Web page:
Companies aware of psychological effects of work from home, focus on work-life balance

Wednesday, Jul 07, 2021 07:00

A screenshot of an online-meeting at Vero. With people increasingly cooped up at home, managers are trying to help workers achieve work-life balance. — VNS Photo

The staff at Vero, a PR agency in HCM City, thought the new creative director was fun as he rapped at his welcome party.

They had thought the party would be boring since due to COVID-19 everyone was working from home, but it turned out to be exciting.

Ivy Nhi Chau, media engagement lead, possibly spoke for everyone when she said: “Everything was normal like it used to be in office. The only oddity about the event was that it was online.”

Vero is one of many companies in the city that have switched to working from home amid the pandemic since the beginning of June.

Based on the nature of work, some have half of their staff coming into office while others allow everyone to work from home.

In fact, working from home has been common since the COVID-19 pandemic first hit last year, but after the fourth and latest wave brought the Delta variant of the virus, it has become more common.

It is almost a month since people stopped going to office.

With people increasingly cooped up at home, managers are trying to help workers achieve work-life balance.

Vu Quan Nguyen Masse, brand and culture director of Vero, told Viet Nam News: “Vero also has offices in Thailand, Indonesia, and Myanmar, so we have been able to share our experiences and tips from each office about work-from-home (WFH) policies.

“Since the first outbreak, we have maintained a flexible WFH policy that allows any team member to work remotely on any day as long as they arrange things with their team.

“So when the virus returned to HCM City, we were prepared for it. Our efforts this time have focused on ways to keep the office spirit strong.”

He cited the example of his company recently organising an online team lunch where it sent healthy food to employees’ homes, and all of them joined an online chat and had some fun activities.

“Our new creative director showed off his rapping skills, several of us spoke about our favourite entertainment, and we had a lively competitive pub quiz. Now we are preparing care packages for everyone since we have learnt that working from home for long can take a toll on people’s health.” The company has also organised eight online workshops and talks by both employees and guests, and started an internal social media account on Instagram for Vero team members across ASEAN to share moments from their lives and help everyone stay connected, he said.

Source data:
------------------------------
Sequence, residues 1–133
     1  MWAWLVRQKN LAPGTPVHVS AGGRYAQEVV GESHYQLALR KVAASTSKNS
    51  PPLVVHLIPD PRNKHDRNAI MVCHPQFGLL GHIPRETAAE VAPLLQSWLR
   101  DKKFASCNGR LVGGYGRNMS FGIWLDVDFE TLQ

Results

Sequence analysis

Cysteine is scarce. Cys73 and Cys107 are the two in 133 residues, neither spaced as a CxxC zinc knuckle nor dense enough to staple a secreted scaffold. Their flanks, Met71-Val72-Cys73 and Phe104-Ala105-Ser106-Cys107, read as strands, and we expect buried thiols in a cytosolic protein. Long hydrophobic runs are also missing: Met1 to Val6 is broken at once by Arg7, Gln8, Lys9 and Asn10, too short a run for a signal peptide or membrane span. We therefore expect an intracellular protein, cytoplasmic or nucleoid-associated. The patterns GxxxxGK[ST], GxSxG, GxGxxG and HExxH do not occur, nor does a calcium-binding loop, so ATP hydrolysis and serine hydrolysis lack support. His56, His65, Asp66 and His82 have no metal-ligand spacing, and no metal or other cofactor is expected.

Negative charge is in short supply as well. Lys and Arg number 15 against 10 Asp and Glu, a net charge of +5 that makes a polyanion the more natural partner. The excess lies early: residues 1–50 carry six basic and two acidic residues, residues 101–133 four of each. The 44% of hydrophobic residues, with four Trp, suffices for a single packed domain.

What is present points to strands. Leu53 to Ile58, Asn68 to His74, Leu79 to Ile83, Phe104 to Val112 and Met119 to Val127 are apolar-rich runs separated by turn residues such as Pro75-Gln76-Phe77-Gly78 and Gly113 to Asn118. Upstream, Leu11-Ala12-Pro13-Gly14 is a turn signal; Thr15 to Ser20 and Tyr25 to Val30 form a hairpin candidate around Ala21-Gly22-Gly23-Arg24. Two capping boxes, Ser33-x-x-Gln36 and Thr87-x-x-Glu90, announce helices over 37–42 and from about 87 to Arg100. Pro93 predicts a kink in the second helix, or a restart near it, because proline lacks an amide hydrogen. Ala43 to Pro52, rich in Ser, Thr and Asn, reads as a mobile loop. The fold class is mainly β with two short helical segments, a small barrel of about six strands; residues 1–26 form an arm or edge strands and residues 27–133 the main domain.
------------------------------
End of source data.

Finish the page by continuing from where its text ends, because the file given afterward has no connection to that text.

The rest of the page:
“For deeper care for our team’s wellness, we have an online mental health counselling programme since the end of 2020. This programme provides a fund for team members to anonymously book and consult professional psychologists and counsellors. We have also implemented an extra ‘Wellness Day Off’ so that team members can take time for themselves.

“Overall, we believe that any policy which helps reduce friction in the workflow is bound to help us adapt – and even thrive – in this new style of work.”

Fision Event and Communication Company helps its staff balance work and life by having online parties and also yoga classes.

Nguyen Ha Thanh, its managing director, told Viet Nam News: “We actually have no WFH policy as we all know that we tend to work more at home when the gap between work and life fades as we stay all day in one place.”

“The chat board is fulfilled with personal updates. We even hosted a surprise birthday party on Zoom for one of our interns with gifts, a cake and celebrations. There are employees who need to show up at office for stuff, and when that happens we stagger time slots so that the risk of direct meetings is limited.”

In addition to keeping everyone positive and healthy, the company organises online yoga classes.

“The class is organised three times per week. All free. We also have a SWEET ON ME scheme so that everyone can get treated to some desserts occasionally.”

A bank in HCM City chooses another way to help its staff feel secure.

Soon after city authorities applied circular No 15 against COVID-19 and encouraged people to work from home, the bank switched to two shifts, an employee, who asked not to name her or the bank, told Viet Nam News.

She said the employees have been divided into two teams for the shifts.

“Due to the nature of certain people’s work, not everyone can work from home unlike in some companies. We have to work in turns. Each employee goes to the office for one or two weeks.”

In order to ensure staff convenience in case the building is quarantined, the bank decided to install cubicles with bathrooms, she said.

“The situation in the city is serious, and we deeply appreciate the bank’s efforts, which make us feel more secure.”

Ivy Nhi Chau said: “Working from home is not new to us any more. Since the first wave of Covid-19, my company has encouraged us to work from home at least two days a week since it understands that in a creative agency environment, freedom and flexibility can have a major effect on the quality of people’s work and their overall happiness. It is something I appreciate a lot.”

"The staff are all used to collaborating and holding meetings online via Microsoft Teams or Zoom, and everyone is aware of their tasks, and so things go smoothly," she said.

“It also helps that our culture team takes time to talk to each of us, reminds us to care for our well-being, and creates some fun online activities to help us stay connected.” — VNS

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